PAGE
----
Is there a better harbinger of good times and warm weather than the smell of burgers on the grill? Plus, burgers are economical and the original low-prep dinner. What could be simpler than shaping patties and slapping them on the backyard Weber?
The only complicated part is picking out a ground beef we can all feel good about.
Some of the Issues with Ground Beef
Not to be a Debbie Downer, but ground beef is a leading cause of food poisoning. Ground beef is especially vulnerable to causing illness because bacteria — including the dangerous E. coli — typically gets heated into oblivion when it's hanging out on the outside of other cuts, like steaks and roasts. But it's mixed deeply into ground beef, including the center of that burger you might prefer much rarer than the 160 degrees the USDA suggests.
For the record, I love burgers — from greasy diner specials to high-end concoctions slathered in esoteric ingredients — but my sober education about ground beef began about nine years ago when The New York Times ran a pretty tough story about where ground beef comes from. Shortly after, I remember turning over a one-pound pre-sealed plastic packet of organic beef at one of my favorite stores. The label said that the meat within "may" have come from "up to" three different countries. Nope.
Quick fun fact: According to the USDA, the terms hamburger and ground beef are not interchangeable. From their website: "Beef fat may be added to 'hamburger,' but not 'ground beef.' A maximum of 30% fat is allowed in either hamburger or ground beef. Both hamburger and ground beef can have seasonings, but no water, phosphates, extenders, or binders added."
Instantly, I became a lot picker about where I was buying my ground beef. My go-to source is a local market that promises never to sell beef that has been given hormones, and grinds their own meat every day in house. When that is not possible, I go to Whole Foods.
Why Whole Foods Is the Best National Store for Ground Beef
I go by this exhaustive 2015 report from Consumer Reports, where they tested 458 pounds of ground beef from all sorts of stores for bacteria. The author, Andrea Rock says, "Our findings show that more sustainable can mean safer meat." They defined "sustainable" on a scale starting with meat raised without hormones and leading up to the safest (grass-fed organic beef), which, for a whole variety of reasons including a longer time to maturation, is more expensive than conventionally raised beef. And while Consumer Reports does not recommend any particular store, Whole Foods ticks most of the boxes for safer beef.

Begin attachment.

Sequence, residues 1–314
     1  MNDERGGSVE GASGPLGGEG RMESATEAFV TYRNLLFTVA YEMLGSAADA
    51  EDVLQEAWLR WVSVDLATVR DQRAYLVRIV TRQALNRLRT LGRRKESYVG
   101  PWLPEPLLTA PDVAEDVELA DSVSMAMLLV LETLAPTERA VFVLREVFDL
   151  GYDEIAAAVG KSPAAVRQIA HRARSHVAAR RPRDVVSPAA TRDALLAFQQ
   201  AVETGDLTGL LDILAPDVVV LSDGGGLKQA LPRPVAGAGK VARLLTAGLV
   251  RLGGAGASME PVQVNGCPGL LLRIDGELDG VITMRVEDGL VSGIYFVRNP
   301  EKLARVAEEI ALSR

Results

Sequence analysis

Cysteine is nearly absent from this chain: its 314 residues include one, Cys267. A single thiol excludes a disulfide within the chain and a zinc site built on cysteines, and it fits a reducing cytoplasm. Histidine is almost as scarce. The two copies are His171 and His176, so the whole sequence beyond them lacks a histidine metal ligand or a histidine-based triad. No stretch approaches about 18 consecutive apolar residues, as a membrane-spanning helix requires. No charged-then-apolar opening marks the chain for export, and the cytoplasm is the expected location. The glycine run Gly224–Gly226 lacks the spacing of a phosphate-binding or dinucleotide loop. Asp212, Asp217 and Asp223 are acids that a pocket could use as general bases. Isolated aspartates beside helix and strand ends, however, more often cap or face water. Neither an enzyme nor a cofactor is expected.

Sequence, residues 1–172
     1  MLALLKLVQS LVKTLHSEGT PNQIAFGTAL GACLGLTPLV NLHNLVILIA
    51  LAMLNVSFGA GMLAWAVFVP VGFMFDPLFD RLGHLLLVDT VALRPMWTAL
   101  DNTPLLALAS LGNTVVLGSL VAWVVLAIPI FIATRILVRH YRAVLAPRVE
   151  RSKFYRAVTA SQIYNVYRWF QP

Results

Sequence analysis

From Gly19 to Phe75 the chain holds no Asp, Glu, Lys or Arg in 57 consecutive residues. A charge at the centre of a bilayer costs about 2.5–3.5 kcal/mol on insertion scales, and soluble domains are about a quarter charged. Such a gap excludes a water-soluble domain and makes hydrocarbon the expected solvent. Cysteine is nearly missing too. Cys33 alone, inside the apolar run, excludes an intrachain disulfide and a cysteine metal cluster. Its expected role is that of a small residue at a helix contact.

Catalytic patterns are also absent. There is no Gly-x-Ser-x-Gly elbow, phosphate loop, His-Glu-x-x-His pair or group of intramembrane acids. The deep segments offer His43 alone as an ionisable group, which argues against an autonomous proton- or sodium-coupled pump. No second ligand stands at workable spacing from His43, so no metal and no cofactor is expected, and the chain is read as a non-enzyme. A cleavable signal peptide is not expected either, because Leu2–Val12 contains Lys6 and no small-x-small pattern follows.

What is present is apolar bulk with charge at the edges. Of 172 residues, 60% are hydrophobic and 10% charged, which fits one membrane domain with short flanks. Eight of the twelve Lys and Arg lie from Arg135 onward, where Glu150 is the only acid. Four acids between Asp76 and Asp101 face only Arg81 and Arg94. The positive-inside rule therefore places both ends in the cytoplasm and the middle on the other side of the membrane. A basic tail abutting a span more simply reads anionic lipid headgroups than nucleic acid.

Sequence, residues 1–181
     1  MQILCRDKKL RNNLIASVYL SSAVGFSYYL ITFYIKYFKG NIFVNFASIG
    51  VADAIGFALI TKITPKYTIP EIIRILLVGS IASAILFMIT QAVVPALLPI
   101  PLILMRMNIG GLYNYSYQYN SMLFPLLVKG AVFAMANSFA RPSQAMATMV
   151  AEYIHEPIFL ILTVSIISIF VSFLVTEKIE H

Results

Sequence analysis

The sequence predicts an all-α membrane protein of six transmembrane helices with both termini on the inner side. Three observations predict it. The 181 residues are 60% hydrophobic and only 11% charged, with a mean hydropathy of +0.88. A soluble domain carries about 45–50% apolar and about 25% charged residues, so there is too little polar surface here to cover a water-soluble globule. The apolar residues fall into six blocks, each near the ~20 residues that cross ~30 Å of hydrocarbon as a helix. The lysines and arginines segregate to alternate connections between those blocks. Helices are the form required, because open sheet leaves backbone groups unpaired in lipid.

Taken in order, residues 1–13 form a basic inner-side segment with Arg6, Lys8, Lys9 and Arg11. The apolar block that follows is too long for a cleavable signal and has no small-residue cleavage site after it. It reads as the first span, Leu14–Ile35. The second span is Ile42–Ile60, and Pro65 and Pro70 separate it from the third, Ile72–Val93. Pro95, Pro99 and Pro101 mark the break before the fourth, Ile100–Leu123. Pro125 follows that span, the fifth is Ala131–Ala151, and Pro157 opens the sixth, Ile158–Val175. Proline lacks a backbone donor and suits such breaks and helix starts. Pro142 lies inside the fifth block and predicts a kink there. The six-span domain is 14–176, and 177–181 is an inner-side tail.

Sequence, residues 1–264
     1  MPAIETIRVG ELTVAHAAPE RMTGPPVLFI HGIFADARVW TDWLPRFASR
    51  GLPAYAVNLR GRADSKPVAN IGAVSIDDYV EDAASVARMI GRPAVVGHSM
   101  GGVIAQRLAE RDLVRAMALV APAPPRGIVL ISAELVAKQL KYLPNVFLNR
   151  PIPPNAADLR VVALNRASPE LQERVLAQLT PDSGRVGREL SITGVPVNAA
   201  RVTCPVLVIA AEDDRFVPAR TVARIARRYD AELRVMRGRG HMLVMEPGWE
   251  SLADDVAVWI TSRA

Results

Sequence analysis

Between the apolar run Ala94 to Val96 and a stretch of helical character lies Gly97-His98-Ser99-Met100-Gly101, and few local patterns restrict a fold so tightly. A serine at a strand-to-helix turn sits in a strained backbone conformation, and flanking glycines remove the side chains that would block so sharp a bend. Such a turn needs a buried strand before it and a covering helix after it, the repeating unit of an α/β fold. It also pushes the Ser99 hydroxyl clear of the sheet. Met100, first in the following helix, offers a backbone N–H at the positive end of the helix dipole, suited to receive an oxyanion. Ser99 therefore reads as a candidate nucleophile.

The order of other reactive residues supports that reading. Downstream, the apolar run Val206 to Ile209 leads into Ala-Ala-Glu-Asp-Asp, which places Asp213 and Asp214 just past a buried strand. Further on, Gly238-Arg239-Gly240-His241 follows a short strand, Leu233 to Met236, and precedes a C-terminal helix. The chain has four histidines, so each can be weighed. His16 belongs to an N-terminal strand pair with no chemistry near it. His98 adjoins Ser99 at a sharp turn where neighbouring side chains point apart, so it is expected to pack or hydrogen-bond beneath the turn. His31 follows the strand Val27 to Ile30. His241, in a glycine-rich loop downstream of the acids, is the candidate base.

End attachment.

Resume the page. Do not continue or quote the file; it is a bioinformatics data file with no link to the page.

Here are the four reasons Whole Foods is my top pick for national stores when it comes to buying ground beef.
- Consumer Reports says their report showed that "sustainable" meat tested for fewer harmful bacteria and E. coli, and as a baseline, Whole Foods promises to sell nothing that has been treated with hormones.
- Experts estimate that the average mass-marketed pound of ground beef can contain meat from hundreds of cows, exponentially expanding your chances of getting a teeny tiny piece of contaminated beef. At Whole Foods, the in-house butchers are custom-grinding beef daily, cutting this risk way down.
- Consumer Reports rates grass-fed organic beef the safest to eat, and you are pretty much guaranteed to find it in any Whole Foods nationwide. According to their corporate office it is consistently a "top-seller" across the country.
- When you buy ground beef from the butcher case at Whole Foods, they wrap it in butcher paper, cutting down on the amount of plastic and Styrofoam used in this purchase and making me feel a little less guilty about eating beef.
Where do you buy your ground beef?